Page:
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Stanley Earl Corbett, Jr v. Gerald J. Branker and Lieutenant Robin Shelton

September 5, 2012

STANLEY EARL CORBETT, JR., PLAINTIFF,
v.
GERALD J. BRANKER AND LIEUTENANT ROBIN SHELTON, DEFENDANTS.



ORDER

This matter comes before the court on the motion for summary judgment pursuant to Federal Rule of Civil Procedure 56 (DE # 33) of defendants Gerald J. Branker ("Branker") and Robin Shelton ("Shelton"), to which plaintiff responded. Also before the court is plaintiff's motion to compel discovery (DE # 41). Defendants did not respond to plaintiff's motion. In this posture, these matters are ripe for adjudication. For the following reasons, the court grants defendants' motion, but denies plaintiff's motion.

STATEMENT OF THE CASE

On August 5, 2010, plaintiff filed this pro se complaint pursuant to 42 U.S.C. § 1983, alleging defendants acted with deliberate indifference to his serious medical needs in violation of the Eighth Amendment to the United States Constitution. Defendants thereafter filed motion for summary judgment, arguing that plaintiff's Eighth Amendment claim is without merit. Alternatively, defendants argue they are entitled to qualified immunity. Plaintiff subsequently filed a motion to compel discovery and a response to defendants' motion for summary judgment.

STATEMENT OF THE FACTS

The undisputed facts are as follows. Plaintiff, a state inmate, is incarcerated at Central Prison in unit one. On December 2, 2005, plaintiff was diagnosed with bursitis in his left shoulder. Plaintiff re-injured his shoulder during a "use of force" incident on October 19, 2008, and has experienced shoulder pain since that date. Compl. 3. Prison staff has treated plaintiff for his shoulder injury with pain medication and physical therapy.

Central Prison policy states that inmates in unit one may not take items into the recreation cells. Shelton Aff. ¶ 5. On January 21, 2010, plaintiff was seen by physical therapist Wayne Gray ("Gray"), who provided him the following instruction: "IM needs to exercise his left shoulder with the yellow band I supplied today. He should be allowed to exercise as I instructed 10 minutes per day." Pl.'s Resp. Ex. A. Plaintiff states that Gray instructed him to "tie the band to a pole or the bars" and to "stretch it." Compl. 4. Plaintiff claims that performing the prescribed exercises prevents his shoulder from becoming stiff.

Since January 21, 2010, plaintiff has repeatedly asked unit one staff at Central Prison to permit him ten (10) minutes of exercise outside of his cell on the two days when he is not scheduled for recreation. Plaintiff also asked that he be permitted to bring his exercise band to the recreational area on the days that he is scheduled to have one hour of recreation. Plaintiff filed a grievance complaining that staff would not allow him to bring his physical therapy rubber band to the recreation cells. Shelton Aff. ¶ 4 and Ex. A. In response to plaintiff's grievance, Shelton asked Gray whether plaintiff could conduct his exercises in his cell. Id. ¶ 6. Gray responded that "'Inmate Corbett could complete his therapy in his cell using his plastic band.' " Id. Shelton then responded to plaintiff's grievance and informed him that his therapy could be completed in his cell. Id. and Ex.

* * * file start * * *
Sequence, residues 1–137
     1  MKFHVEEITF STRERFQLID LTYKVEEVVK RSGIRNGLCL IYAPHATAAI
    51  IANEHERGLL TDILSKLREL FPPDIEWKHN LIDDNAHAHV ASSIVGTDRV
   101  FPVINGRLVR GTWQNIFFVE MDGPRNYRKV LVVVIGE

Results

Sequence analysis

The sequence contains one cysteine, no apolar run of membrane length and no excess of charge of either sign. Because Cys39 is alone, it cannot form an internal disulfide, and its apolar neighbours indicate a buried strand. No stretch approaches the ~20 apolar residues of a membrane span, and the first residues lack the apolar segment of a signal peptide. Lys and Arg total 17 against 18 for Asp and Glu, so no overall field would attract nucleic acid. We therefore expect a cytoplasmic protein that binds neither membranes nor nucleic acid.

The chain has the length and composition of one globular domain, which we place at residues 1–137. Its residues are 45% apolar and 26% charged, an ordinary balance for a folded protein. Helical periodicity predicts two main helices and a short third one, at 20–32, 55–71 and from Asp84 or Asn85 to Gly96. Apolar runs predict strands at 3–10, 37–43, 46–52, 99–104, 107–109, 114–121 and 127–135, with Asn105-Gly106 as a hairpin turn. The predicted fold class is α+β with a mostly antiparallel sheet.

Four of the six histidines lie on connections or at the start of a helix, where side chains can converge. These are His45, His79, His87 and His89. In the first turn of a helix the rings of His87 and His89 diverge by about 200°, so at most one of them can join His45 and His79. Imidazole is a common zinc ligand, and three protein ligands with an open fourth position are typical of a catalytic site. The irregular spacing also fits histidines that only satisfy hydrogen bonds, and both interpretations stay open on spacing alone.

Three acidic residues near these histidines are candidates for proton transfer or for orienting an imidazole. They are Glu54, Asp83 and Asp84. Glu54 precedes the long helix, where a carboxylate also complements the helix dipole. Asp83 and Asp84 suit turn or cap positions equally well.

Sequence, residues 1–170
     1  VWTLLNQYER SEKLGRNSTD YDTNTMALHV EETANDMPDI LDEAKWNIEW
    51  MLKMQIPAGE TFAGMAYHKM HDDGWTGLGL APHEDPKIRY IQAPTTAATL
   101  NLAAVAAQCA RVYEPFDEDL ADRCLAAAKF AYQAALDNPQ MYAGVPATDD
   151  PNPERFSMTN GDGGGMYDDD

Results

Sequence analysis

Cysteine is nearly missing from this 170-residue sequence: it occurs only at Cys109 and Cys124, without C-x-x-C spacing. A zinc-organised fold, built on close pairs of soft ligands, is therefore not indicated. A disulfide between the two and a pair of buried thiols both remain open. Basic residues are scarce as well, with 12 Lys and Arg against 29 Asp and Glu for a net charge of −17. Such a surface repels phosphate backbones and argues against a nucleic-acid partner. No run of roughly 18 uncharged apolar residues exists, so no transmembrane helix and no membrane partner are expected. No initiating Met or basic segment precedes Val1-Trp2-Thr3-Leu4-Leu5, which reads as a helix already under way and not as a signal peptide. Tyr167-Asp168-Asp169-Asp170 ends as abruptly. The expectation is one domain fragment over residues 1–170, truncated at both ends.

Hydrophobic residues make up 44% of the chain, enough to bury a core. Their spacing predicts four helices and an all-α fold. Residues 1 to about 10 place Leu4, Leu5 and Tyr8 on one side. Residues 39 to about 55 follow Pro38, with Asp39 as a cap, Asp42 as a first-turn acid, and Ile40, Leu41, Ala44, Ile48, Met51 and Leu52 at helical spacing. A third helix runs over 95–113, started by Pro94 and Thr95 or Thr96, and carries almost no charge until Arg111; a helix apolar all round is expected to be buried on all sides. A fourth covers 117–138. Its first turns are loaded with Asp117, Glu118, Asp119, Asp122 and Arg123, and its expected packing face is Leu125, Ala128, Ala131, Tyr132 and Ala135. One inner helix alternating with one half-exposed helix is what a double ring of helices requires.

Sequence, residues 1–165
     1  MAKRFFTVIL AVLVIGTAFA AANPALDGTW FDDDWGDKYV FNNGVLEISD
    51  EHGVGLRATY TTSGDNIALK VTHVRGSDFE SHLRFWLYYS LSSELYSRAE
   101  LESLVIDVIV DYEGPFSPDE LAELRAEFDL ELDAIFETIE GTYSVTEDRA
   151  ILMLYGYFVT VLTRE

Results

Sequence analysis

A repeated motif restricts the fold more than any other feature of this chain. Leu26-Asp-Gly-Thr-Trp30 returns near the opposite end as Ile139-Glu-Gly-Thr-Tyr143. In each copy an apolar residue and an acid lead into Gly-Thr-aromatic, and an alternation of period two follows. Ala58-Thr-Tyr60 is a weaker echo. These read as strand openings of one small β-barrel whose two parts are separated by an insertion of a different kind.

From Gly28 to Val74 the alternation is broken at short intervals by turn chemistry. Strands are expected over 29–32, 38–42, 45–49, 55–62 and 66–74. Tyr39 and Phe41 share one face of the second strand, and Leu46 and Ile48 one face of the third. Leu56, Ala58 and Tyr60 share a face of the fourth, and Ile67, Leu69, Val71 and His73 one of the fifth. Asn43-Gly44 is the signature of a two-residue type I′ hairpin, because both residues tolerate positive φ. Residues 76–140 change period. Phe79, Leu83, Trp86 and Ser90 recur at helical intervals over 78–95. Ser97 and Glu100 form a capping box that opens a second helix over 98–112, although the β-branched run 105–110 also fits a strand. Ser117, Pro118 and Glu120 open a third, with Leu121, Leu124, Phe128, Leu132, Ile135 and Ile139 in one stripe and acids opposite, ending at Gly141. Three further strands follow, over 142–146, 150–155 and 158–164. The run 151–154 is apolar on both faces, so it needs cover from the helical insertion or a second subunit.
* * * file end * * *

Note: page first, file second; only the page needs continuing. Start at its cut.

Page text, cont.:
A.

Plaintiff contends that defendants created a policy that allowed the unconstitutional conduct of staff. Plaintiff additionally states that his inability to perform his exercises has caused him pain and could result in the development of arthritis in his left shoulder. Finally, plaintiff states that defendants' conduct has caused him to experience emotional and mental distress.

DISCUSSION

A. Motion for Continuance

Before addressing defendants' motion for summary judgment, the court considers plaintiff's request for a continuance to conduct discovery pursuant to Federal Rule of Civil Procedure 56(d) (formerly Rule 56(f)).*fn1 "As a general rule, summary judgment is appropriate only after adequate time for discovery." Evans v. Techs. Applications & Serv. Co., 80 F.3d 954, 961 (4th Cir. 1996) (quotation omitted). Rule 56(d) provides:

If a non-movant shows by affidavit or declaration that, for specified reasons, it cannot present facts essential to justify its opposition, the court may: (1) defer considering the motion or deny it; (2) allow time to obtain affidavits or declarations or to take discovery; or (3) issue any other appropriate order.

Fed. R. Civ. P. 56(d). Thus, Rule 56(d) allows a court to delay ruling on a motion for summary judgment if the nonmoving party requires discovery to identify "facts essential to justify the party's opposition." Crawford-El v. Britton, 523 U.S. 574, 599 n.20 (1998) (quotation omitted). However, "Rule 56(d) affidavits cannot simply demand discovery for the sake of discovery." Young v. UPS, 2011 WL 665321, *20 (D.Md. Feb. 14, 2011). "Rather, to justify a denial of summary judgment on the grounds that additional discovery is necessary, the facts identified in a Rule 56 affidavit must be essential to [the] opposition. " Scott v. Nuvell Fin. Servs., 2011 WL 2222307, *4 (D. Md. June 7, 2011) (quotation and citation omitted). A non-moving party's Rule 56(d) request for discovery is properly denied "where the additional ...


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